I used three of my sketchbooks to record the video as I wanted to do it all in one go without waiting for thick paint to dry. In case you’re interested, they are:

  1. Viviva Colors Inktober 2020 sketchbook (7.5 in square). Not sure what the paper’s weight is, but it’s thick and stands up well to a lot of paint! The surface is quite textured, which isn’t for everyone, but I really like it.
  2. The Handbook Journal Co (200gsm/90lbs, 8.25 in square). This is one of my favourite sketchbooks.
  3. Fabriano Venezia Book (200gsm/90lbs, 9 in x 12 in). The paper in this sketchbook doesn’t feel quite as thick as the Handbook Journal Co sketchbook even though they’re the same weight, but it’s still lovely.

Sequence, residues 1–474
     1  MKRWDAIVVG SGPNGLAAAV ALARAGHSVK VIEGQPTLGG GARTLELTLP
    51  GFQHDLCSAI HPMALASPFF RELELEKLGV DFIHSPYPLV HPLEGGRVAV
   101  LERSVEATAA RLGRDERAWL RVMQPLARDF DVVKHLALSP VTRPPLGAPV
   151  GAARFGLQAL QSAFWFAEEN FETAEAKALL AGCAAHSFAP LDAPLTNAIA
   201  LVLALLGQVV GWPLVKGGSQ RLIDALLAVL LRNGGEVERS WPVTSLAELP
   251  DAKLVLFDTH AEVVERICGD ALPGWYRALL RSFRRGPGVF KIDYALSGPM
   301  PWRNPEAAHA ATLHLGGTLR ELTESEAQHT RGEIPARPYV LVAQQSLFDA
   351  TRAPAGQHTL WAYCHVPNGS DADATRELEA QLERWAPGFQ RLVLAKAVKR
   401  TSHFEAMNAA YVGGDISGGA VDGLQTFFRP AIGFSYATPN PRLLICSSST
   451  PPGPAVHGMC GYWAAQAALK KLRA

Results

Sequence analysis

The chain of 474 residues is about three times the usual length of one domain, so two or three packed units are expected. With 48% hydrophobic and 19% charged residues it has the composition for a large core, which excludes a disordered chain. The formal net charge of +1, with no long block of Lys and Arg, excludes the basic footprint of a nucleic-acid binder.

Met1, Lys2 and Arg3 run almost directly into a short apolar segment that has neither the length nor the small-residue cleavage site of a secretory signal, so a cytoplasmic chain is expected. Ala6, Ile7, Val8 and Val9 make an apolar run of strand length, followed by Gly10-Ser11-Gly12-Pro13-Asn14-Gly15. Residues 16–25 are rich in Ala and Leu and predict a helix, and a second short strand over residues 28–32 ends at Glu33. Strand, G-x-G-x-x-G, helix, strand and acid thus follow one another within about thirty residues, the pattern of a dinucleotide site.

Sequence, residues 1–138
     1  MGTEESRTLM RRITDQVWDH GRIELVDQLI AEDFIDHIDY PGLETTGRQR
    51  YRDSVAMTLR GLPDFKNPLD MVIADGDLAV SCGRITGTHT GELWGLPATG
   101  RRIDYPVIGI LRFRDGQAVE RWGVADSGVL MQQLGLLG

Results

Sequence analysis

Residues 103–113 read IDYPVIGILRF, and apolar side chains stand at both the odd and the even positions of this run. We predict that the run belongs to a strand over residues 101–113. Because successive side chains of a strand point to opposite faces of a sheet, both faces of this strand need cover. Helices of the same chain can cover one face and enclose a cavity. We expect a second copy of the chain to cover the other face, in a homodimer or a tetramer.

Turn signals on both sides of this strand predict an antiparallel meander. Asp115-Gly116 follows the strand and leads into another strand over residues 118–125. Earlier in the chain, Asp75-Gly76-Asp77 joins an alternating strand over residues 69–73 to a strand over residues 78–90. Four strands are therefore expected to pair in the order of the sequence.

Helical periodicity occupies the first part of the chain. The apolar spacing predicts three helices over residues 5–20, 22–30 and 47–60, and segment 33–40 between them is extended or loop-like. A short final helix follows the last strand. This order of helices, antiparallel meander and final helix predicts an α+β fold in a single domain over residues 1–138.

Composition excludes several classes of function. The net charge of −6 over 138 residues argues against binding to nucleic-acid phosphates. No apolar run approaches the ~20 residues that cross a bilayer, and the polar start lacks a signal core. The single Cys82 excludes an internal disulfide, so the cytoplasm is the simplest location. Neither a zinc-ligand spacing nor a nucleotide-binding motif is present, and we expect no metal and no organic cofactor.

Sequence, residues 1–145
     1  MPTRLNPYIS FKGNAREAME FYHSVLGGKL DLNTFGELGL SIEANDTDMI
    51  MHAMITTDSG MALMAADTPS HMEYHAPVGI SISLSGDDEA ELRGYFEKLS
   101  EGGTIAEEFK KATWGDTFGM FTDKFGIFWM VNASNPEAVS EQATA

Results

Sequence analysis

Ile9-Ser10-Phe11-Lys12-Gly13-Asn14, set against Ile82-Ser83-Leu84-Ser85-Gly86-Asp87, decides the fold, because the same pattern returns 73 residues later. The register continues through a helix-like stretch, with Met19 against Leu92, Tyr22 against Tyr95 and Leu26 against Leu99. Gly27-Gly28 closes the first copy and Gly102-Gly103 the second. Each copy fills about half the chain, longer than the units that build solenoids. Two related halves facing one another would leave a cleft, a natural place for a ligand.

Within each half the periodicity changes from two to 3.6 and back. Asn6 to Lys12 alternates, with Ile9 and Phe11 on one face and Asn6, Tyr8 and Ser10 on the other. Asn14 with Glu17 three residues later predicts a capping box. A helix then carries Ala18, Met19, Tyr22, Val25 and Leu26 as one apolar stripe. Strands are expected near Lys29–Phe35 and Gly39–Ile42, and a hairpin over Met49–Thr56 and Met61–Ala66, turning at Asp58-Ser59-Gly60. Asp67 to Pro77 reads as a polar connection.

While I used sketchbooks to create this effect, you could use loose sheets of paper too. Either fold the paper in half or put the paint on one sheet and stack another on top.

It’s a lovely effect to use as a background in an art journal, so you could either do this straight into the pages of your journal or use a separate piece of paper and stick it in afterwards (similar to this tutorial on making a collage from an abstract painting).

A note on paint

You’ll see in the video that I demonstrate this technique using heavy body paint and acrylic ink. They give very different effects: 

  • Heavy body paint = distinct, bright blocks of opaque colour and fantastic texture
  • Acrylic ink = softer colours that blend together and sit flat on the page
fold and squish abstract art - close up of texture
See what I mean about that texture? 😍